Gov. Roy Cooper this afternoon proposed almost $5 billion in budget requests using federal COVID-19 funding.
Among the proposed uses for the money are $37 million for minority businesses, $2 billion for public and private schools, bonuses for public school teachers and staff, and $30 million for expanding high speed internet across the state.
“North Carolinians have stood strong during this pandemic and we are ready to move our state forward,” Cooper said. “The past year has tested all of us but we must work together on a focused, responsible plan to help families and businesses survive and grow strong while we bolster our economy and health care system and make sure students and teachers are in classrooms ready to learn. We can emerge from these challenging times stronger than ever.”
Cooper has asked the General Assembly to combine federal stimulus funds along with state resources for immediate critical needs. The money would come from the state’s share of the federal Consolidated Appropriations Act, 2021 which was signed into law Dec. 27. The federal appropriation totaled more than $4 billion for North Carolina.
Strict rules apply to the new federal funding, cooper said, but with a General Assembly appropriation the plan would provide more COVID relief such as vaccines, more supplies to slow the virus spread, help for rent and utility bills, and more funding for food.
The federal funds will provide:
- Approximately $2 billion for emergency assistance for public and private K-12 schools and higher education institutions.
- $336 million for childcare and development block grants.
- Approximately $700 million for access to vaccines and testing, tracing and prevention measures to slow the spread of the virus.
- $546 million for emergency rental assistance, which will build on North Carolina’s current work. While this is the first dedicated federal funding for rental assistance, North Carolina recognized the extraordinary need to help people stay in their homes during the pandemic and created the HOPE program to pay back rent and utilities using last year’s CRF funds.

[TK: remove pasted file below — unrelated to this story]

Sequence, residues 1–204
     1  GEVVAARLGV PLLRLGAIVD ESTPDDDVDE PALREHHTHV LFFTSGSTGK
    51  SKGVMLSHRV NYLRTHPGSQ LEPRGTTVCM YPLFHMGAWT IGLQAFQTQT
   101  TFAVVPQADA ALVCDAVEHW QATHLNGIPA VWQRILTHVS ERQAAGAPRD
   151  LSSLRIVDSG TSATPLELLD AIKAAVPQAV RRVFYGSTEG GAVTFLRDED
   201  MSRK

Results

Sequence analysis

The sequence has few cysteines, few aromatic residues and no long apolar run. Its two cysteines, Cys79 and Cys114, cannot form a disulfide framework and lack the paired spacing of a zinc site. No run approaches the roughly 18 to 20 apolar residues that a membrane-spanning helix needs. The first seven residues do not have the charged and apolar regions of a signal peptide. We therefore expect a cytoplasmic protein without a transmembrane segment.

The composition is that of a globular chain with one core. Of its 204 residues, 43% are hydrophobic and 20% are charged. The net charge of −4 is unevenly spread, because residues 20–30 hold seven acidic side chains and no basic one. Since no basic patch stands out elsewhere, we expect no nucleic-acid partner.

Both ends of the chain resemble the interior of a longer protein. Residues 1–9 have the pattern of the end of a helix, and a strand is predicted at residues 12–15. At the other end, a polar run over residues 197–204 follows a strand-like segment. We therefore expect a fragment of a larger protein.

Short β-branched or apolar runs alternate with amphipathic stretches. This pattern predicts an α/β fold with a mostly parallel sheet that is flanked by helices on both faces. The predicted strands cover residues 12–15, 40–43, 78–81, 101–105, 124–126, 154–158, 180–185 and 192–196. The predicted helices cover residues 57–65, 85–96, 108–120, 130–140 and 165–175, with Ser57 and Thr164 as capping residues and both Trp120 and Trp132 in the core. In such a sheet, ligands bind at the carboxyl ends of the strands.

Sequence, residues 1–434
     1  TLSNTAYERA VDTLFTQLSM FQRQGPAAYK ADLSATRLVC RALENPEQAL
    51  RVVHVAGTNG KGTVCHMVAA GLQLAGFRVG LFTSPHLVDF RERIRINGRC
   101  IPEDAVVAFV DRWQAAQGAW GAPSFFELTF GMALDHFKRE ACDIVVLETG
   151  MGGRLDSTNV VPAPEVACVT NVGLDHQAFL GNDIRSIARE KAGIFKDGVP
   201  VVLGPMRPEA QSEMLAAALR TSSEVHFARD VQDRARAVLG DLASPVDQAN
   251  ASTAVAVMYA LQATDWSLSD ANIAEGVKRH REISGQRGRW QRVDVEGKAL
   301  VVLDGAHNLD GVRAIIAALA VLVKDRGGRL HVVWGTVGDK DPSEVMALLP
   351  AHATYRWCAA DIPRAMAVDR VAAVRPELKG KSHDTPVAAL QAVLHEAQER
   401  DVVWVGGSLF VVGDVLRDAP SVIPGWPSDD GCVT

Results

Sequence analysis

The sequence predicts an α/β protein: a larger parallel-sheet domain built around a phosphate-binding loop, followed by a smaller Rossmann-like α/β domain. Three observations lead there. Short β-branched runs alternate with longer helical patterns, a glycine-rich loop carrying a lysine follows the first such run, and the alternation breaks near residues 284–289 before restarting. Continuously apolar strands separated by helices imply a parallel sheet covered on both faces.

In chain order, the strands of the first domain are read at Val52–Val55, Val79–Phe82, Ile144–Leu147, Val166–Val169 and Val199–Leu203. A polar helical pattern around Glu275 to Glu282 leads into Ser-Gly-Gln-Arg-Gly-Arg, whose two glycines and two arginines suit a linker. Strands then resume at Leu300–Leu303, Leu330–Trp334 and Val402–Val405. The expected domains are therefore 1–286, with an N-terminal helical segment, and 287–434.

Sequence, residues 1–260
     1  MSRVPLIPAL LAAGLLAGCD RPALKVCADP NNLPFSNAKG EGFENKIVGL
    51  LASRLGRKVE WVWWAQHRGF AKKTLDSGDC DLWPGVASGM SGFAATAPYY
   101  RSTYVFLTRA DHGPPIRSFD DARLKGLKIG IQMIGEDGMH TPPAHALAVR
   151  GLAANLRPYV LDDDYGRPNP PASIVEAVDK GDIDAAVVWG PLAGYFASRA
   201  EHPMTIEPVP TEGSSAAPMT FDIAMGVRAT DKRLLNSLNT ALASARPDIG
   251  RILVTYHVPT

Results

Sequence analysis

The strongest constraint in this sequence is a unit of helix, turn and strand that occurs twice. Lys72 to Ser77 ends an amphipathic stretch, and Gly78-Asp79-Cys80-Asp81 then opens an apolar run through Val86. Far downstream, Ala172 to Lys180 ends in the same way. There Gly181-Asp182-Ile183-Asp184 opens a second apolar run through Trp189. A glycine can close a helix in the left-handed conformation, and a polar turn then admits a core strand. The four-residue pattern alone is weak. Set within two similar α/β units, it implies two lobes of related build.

- $258 million for Highway Infrastructure and $65 million for airports.
- $47 million for Community Mental Health Services.
- Funding for food assistance programs, such as SNAP and school nutrition.
Cooper is also asking for $695 million from the state’s general fund to address other immediate needs. North Carolina’s general fund has more than $4 billion in unreserved cash. Those funds would include:
- $50 million for continued hazard duty pay for state employees on the frontlines of COVID-19, especially law enforcement and corrections personnel who face COVID-19 every day.
- $64.5 million for the replenishment of the North Carolina State Health Plan, which has incurred costs responding to COVID-19.
- $468 million for bonuses for educators and school personnel in public K-12 schools, community colleges and the university system.
- $30 million to extend high-speed internet across the state and other initiatives, such as IT infrastructure, security for community colleges and enhancement of 35,000 hotspots used for education.
- $37 million to support small businesses that have suffered during the pandemic and often don’t have large cash reserves, including small business counselling, marketing for tourism and hospitality, ReTOOLNC program for historically underutilized businesses (HUBs), and the business loan program at Golden L.E.A.F.
- Expansion of state unemployment benefits. North Carolina’s Unemployment Trust Fund remains healthy, Cooper said, with a balance of more than $2.59 billion. His plan would increase the maximum duration of benefits to 26 weeks and increase the maximum benefit from $350 to $500 per week.
A more complete proposed biennial budget will be presented later in the legislative session.